If Smith signs with another team, the Bengals coaching staff may be confident enough in backup Anthony Collins for at least one season. That, or the team could look to start guard Travelle Wharton at right tackle.
In the meantime, Cincinnati needs to look at building some more depth in the trenches, which is where David Quessenberry comes into play here in the fourth round.
While not the biggest name entering the draft, Quessenberry is an impressive athlete with good measureables who can develop into a starter at the NFL level.
Quessenberry would be a lock for a roster spot in one form or another, whether it's at tackle or guard. A few years down the line, and he could allow the team to forget all about Smith if he never comes back.
Zac Dysert could provide some much-needed insurance at the quarterback position in Cincinnati.
The Cincinnati Bengals have an intriguing situation at the quarterback position. Andy Dalton is the obvious starter, with journey men John Skelton and Josh Johnson playing the backup role.
Skelton and Johnson do not have a chance at stealing a starting job from anyone, let alone Dalton. The thing is, if Dalton does not take the next step in 2013 and get the Bengals over the hump in the process, the team could be looking for a new quarterback in the 2014 draft.
With that in mind, it wouldn't hurt for the Bengals to draft a youngster with a high ceiling this season.
Zac Dysert won't push for the starting job in Cincinnati, but he has enough natural talent to potentially develop into one if things don't work out with Dalton.
Dysert has a great arm and prototypical size, but he played out of a shotgun offense in college. He needs to adapt to the NFL level, but he would be a smart selection here if he happens to fall this far.
Etienne Sabino would be a solid depth pickup for the Bengals.
The Cincinnati Bengals linebacker situation is in a fluid state right now. Vontaze Burfict has emerged, and Rey Maualuga has continued to regress. Former rival James Harrison is now on board (per ESPN) and Thomas Howard sounds close to being brought back (per Bengals.com).
There is no such thing as enough depth in the NFL. Vincent Rey, Dontay Moch and Emmanuel Lamur are all quality depth, but it couldn't hurt to add more.
Etienne Sabino did not have an extremely highlight-worthy career while at Ohio State, but he has an rare athletic skill set that could allow him to make it in the NFL.
Bringing in a player such as Sabino could be a home run. He could develop into a contributor, but at the very least he makes for one heck of a special teams player over the course of the next few seasons thanks to his athleticism alone.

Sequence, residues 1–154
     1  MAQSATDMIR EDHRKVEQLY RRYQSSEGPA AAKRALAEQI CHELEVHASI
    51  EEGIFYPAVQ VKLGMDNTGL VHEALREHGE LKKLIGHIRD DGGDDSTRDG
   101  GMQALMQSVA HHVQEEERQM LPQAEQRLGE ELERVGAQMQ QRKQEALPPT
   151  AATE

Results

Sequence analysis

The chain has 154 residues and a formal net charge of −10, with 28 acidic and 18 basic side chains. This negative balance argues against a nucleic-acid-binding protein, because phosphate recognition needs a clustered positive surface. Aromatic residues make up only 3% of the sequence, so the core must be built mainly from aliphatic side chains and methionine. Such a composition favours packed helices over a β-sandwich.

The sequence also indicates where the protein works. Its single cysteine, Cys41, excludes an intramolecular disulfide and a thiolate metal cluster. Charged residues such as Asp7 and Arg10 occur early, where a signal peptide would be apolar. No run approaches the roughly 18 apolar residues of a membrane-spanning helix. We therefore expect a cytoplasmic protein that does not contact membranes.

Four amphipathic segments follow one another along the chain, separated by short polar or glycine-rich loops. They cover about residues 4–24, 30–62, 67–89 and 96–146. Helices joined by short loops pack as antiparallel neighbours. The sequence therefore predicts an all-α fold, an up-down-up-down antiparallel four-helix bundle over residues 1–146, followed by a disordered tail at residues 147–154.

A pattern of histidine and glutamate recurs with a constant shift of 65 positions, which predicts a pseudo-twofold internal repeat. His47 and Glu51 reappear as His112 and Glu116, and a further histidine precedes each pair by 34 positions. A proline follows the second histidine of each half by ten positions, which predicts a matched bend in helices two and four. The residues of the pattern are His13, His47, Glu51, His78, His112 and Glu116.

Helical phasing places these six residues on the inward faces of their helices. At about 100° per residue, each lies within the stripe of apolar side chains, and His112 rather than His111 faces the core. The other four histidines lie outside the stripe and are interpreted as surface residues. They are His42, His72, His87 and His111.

Aaron Mellette is a project player who could make the Bengals practice squad at the least.
The Cincinnati Bengals are pretty well-off at the wide receiver position. There's this guy named A.J. Green, and then a couple of promising second-year players in Mohamed Sanu and Marvin Jones. Andrew Hawkins is a quality slot and gadget-play contributor.
With so many picks, expect the Bengals to at least add one receiver with some potential. That very receiver here could be Elon product Aaron Mellette.
Mellette has hauled in 44 touchdown receptions over the course of his career and has quality size and length at 6'3" and 217 pounds.
While Mellette does not have elite speed, he's a sure-handed possession receiver who could complement A.J. Green nicely on the outside. Over time, he could develop into a rotational contributor.
At this point in the draft you're taking gambles, and there are worse ways you could go than Mellette.
The Bengals could look to add another running back late such as Knile Davis.
The running back situation for the Cincinnati Bengals is set to be a little improved by the time this pick rolls around.
BenJarvus Green-Ellis, Bernard Scott and Cedric Peerman are still around, not to mention a rookie likely taken earlier (if you're going by this mock, that's North Carolina's Giovani Bernard).
Still, this late in the game, you look to hit home runs with your picks.
Knile Davis could allow the Bengals brass to take a lap around the bases.
Plagued by injury issues throughout his career dating back to high school, Davis looked like a first-round pick two years ago before having an iffy 2012 campaign.
Davis is a freak in every sense of the word. He weighs in at 6'0" and 227 pounds but at the NFL Scouting Combine ran a 4.37-second 40-yard dash, recorded a 33.5" vertical and repped 225 pounds on the bench press a ridiculous 31 times.
In other words, Davis is either a workout warrior or a franchise running back if he can somehow manage to stay healthy.
At this point, that's a gamble you have to take.
As far as the offensive guard situation goes for the Cincinnati Bengals, it's a bit of a work in progress. Kevin Zeitler is an outstanding player at right guard heading into his second year, but there's a big question mark at left guard.
Clint Boling was serviceable last season. Travelle Wharton may have to slide over to right tackle, and his health is an unknown. Mike Pollack might not even make it through camp.
This late in the draft the team won't be finding a starter, but it's smart to at least find a prospect with a little bit of potential to sit on the practice squad.
North Carolina's Travis Bond is a mammoth of a tackle at 6'6" and 330 pounds, and he was solid as a starter with the Tarheels.
At best, Bond develops into a contributor. At worst, he sits on the practice squad for a year and the Bengals start the depth search at the position all over again.